The D-Day Invasion – 68 Years Later

                       

 

  

 

 

 

One can only imagine what the brave young soldiers felt as the gang planks of the Higgins boats dropped into the water, revealing to them the Atlantic wall – a fortress of barricades, barbed wire, 40-foot cliffs, and machine-gun bunkers.  As soon as they jumped out, a hail of bullets rained down upon them.

Soldiers whose boats couldn’t get any closer because of the mines dropped into 6 feet and more of water, drowned with their 50-pound packs still on.  Others were blown to pieces at the water’s edge.  Still, the young men came.  There was no going back.  They were not only obliged legally to go on, but morally.  The 50-foot cliffs were an exemplar of the Nazi foe – menacing, hard, and fortified.  The Nazis had spent years infiltrating Europe with their minions.  Dollfuss, the president of Austria was murdered in his office.  The editor of Berlin’s leading newspaper and his wife were dragged out of their beds in the middle of the night and butchered in the street.

England, our ally, was alone in the fight.  She needed help.  We’d provided material support but it wasn’t enough; she needed manpower.  If France wasn’t liberated, eventually Germany would be able to mount an offensive against England from France’s shores and Europe’s last free democracy would fall.

Our American soldiers – along with their British, French, Australian, New Zealand, Canadian and other allies, the cream of the free world – demonstrated a courage we can’t begin to imagine today.  We must watch such films as The Longest Day, Wake Island, Saving Private Ryan, and Tora Tora Tora to believe it.

We have heroes today, just as we did then, but the word has lost some of its shine, dulled by indifference, diffidence, and the propaganda of anti-war sentiment.  Shame plays its part as well, knowing that we probably wouldn’t have the courage the men on the Normandy beaches displayed.  We hope the surviving veterans of that war, and subsequent wars, will excuse if we pin the moniker of hero on their chests.  Wear it for your fallen comrades, if for no other reason.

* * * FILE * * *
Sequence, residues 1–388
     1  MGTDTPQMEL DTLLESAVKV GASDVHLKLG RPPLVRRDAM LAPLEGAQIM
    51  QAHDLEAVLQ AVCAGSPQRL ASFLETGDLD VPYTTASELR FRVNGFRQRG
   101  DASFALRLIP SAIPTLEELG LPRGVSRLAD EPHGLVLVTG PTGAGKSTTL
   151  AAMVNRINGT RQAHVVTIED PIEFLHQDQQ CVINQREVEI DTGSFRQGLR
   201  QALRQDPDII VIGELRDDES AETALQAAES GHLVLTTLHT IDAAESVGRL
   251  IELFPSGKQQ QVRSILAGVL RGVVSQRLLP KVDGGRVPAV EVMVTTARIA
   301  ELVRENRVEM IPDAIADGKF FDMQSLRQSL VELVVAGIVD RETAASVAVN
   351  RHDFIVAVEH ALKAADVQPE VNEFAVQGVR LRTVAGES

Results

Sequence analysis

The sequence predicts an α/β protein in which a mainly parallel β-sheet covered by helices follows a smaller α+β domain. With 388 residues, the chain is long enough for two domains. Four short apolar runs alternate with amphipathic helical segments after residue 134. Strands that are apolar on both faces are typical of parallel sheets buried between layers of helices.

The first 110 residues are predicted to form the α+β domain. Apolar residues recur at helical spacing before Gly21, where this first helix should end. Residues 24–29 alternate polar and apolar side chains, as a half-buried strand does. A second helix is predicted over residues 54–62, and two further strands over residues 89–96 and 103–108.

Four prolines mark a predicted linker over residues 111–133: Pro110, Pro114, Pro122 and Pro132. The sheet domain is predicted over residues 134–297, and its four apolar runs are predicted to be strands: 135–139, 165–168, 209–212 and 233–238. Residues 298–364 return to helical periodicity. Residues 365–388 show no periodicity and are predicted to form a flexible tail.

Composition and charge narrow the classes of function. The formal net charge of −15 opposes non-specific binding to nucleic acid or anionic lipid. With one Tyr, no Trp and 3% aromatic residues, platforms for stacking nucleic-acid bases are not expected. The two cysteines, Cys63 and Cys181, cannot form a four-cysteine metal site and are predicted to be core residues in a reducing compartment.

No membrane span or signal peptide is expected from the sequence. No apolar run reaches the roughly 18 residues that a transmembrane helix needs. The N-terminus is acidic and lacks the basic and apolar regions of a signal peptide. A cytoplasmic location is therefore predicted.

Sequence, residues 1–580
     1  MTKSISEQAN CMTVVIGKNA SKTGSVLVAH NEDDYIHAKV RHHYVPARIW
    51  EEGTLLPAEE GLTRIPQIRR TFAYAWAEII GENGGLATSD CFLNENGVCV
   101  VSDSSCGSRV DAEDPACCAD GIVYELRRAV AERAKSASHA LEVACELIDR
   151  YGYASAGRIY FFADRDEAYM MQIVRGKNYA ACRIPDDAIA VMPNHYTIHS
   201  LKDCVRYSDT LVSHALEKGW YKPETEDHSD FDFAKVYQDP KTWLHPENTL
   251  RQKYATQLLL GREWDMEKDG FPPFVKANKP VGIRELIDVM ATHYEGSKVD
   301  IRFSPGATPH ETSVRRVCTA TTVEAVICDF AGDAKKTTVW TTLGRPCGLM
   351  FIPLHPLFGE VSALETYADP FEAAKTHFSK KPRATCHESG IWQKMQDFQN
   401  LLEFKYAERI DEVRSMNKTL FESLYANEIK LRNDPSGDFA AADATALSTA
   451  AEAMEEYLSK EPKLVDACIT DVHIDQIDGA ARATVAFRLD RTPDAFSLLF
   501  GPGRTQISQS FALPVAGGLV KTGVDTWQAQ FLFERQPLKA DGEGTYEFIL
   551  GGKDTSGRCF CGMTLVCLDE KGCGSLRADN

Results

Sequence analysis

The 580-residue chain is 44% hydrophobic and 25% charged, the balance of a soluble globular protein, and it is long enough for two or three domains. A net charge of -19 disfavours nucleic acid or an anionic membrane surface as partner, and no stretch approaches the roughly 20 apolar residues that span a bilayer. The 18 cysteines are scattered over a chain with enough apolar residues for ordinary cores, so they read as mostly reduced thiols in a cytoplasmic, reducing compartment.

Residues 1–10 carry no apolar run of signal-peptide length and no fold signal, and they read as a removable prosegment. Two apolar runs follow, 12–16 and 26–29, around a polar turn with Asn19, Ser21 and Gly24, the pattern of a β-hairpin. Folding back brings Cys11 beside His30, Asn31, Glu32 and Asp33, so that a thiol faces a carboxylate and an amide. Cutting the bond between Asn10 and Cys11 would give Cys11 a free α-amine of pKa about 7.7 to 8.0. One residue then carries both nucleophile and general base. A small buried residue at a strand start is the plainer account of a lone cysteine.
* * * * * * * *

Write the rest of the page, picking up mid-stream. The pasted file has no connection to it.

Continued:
But courage seems to have experienced a rebirth yesterday with Gov. Scott Walker’s win in the disgraceful recall election in Wisconsin yesterday.  Conservative voters in Wisconsin, it is said, turned out in record numbers to support their governor, while the opposing supporters wept with unmanly bitterness.  Wisconsin demonstrated to the nation that with courage, common sense can win out over the mania for entitlements.  They demonstrated that Wisconsin still believes in earning your way, being fiscally responsible, and freedom of choice.

The right to vote is a precious given earned in with the blood of over half a million men (and women) since the nation’s founding.  The right to vote is what freedom is all about.  It is not a chip to be thrown into a collective pool, bargaining itself away for the sake of free health care, pensions, education, or vacation homes in Florida.

Wisconsin showed the world what freedom truly means and what you can achieve with courage.  Congratulations to Gov. Scott Walker and our gratitude to the state of Wisconsin.  It’s been a tough climb for you, but you proved yesterday that freedom and courage did not perish 68 years ago today.  Your heroism may very well prevent another half million young men from dying in arms to preserve freedom.

 

 

 

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Published in: on June 6, 2012 at 12:20 pm  Leave a Comment  

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